Eddie Fisher was the golden boychik of mainstream pop, the dimpled troubadour from Philadelphia. Pretty and poised, he had the packaging and the product: a clear, confident tenor that could turn powerful or intimate at will. In the 1950-54 prerock period the most tepid five years in the history of 20th century music he had 19 songs reach the Top 10, including four ("Wish You Were Here," "I'm Walking Behind You," "Oh! My Pa-Pa," "I Need You Now") that went to No. 1. He transferred his vinyl popularity to a TV variety show and then to movies. Fisher's covenant with Hollywood mythology was sealed with his 1955 marriage to Debbie Reynolds, Hollywood's princess of pert. It marked the perfect merger of adorable and adorabler.
But that myth ended in 1959, when he divorced Reynolds to marry Elizabeth Taylor, making the former boy next door a war criminal of domesticity for deserting Debbie's dollhouse. In 1962, Taylor left him for her Cleopatra co-star Richard Burton. The one-two punch of infidelity and cuckoldry left an instant, perpetual brand on Fisher's résumé. Meanwhile, pop music post-Elvis Presley was proving inhospitable to his kind of crooning. By the 1980s, his hits long behind him, Fisher was often unable to perform due to his drug addiction. "It was either quit cocaine or quit performing," he wrote in his autobiography. New paragraph. "So much for my career." In 1990 he checked into the Betty Ford Clinic; apparently he was clean for his last 20 years. Fisher married two more times; his fourth wife, Betty Lin, died nine years before he did.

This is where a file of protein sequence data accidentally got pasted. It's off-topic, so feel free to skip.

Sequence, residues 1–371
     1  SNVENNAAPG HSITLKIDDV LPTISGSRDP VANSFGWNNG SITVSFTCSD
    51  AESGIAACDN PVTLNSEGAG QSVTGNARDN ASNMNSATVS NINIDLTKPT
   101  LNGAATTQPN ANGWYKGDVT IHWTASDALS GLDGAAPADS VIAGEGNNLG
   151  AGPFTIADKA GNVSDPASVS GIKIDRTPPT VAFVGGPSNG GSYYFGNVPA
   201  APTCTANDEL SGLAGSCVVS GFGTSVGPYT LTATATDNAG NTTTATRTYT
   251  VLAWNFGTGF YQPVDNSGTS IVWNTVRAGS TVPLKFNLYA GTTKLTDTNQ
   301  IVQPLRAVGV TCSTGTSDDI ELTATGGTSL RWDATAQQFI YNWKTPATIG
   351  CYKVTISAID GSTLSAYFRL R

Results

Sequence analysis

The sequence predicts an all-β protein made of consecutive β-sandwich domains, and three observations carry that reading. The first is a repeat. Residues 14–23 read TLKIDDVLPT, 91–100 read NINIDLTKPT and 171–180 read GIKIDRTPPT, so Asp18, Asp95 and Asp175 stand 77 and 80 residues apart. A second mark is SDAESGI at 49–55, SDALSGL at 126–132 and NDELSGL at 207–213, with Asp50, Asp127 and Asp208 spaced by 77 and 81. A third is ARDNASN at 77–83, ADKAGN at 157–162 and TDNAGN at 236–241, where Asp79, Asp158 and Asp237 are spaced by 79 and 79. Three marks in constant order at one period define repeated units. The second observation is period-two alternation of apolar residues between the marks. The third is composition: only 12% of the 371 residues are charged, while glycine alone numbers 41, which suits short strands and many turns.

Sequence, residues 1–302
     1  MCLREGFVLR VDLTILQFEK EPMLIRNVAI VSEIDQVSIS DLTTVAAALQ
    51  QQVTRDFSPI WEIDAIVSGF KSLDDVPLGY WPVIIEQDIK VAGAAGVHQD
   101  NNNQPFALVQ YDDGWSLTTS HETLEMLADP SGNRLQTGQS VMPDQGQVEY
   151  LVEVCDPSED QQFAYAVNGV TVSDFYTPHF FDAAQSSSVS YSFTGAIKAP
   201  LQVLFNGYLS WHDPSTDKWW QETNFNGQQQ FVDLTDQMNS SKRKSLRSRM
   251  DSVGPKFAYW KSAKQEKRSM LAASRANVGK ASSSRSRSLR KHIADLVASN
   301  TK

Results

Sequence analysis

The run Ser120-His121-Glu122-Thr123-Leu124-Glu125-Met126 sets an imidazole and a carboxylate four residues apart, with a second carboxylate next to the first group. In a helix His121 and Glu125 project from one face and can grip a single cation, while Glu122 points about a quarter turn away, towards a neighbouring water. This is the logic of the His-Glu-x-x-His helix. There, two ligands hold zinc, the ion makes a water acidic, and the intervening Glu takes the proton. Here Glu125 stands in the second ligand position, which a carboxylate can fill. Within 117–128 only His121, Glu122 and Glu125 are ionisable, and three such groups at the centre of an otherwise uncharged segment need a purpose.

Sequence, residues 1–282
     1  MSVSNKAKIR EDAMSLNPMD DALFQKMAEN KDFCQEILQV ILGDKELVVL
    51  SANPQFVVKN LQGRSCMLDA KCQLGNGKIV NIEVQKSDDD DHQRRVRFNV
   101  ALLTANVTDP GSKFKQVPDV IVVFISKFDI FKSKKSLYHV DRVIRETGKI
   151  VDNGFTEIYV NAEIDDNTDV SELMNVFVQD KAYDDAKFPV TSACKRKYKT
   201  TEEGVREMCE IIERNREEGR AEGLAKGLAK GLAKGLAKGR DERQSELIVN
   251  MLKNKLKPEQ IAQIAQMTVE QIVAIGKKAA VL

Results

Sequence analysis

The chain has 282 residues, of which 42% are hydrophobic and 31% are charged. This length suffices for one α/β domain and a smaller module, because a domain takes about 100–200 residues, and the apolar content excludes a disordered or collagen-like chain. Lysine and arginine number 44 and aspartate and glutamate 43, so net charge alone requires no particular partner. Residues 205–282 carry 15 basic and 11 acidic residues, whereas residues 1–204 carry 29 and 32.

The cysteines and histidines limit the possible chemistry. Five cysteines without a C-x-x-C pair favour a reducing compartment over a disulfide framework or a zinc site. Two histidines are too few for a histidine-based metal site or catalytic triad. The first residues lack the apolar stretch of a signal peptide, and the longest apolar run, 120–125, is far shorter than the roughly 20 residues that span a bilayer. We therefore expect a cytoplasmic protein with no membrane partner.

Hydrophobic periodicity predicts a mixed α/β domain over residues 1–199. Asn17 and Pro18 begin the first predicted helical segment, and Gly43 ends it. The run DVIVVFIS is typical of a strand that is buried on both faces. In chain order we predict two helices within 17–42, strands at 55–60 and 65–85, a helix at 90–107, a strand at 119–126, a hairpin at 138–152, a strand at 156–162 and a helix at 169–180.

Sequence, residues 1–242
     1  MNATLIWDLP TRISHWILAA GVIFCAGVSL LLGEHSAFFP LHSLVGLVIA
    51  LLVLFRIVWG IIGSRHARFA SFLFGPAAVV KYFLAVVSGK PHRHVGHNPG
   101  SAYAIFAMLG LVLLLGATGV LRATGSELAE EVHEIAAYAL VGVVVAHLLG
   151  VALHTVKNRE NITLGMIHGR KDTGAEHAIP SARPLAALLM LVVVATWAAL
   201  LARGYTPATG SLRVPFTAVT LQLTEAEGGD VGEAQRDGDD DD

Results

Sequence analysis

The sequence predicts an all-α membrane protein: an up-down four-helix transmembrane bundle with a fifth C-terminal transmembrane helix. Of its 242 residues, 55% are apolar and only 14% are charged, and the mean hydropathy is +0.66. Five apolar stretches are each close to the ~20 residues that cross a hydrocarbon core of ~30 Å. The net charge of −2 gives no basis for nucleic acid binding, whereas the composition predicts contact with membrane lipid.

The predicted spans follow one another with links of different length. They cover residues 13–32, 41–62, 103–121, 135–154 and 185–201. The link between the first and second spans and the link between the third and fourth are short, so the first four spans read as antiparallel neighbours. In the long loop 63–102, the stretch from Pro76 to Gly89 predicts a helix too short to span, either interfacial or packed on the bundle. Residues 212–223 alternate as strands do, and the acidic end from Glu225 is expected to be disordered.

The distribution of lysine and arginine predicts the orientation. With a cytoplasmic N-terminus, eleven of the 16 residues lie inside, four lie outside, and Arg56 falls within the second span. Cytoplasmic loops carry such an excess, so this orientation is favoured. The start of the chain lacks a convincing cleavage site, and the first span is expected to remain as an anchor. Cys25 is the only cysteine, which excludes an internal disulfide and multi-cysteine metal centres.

A gift of song, an early success, a gash of notoriety; a host of fractured hearts, only one of them his. Sometimes show-business truth can be more instructive than Tinseltown fable.
A version of this story previously appeared on TIME.com on Sep. 24, 2010.
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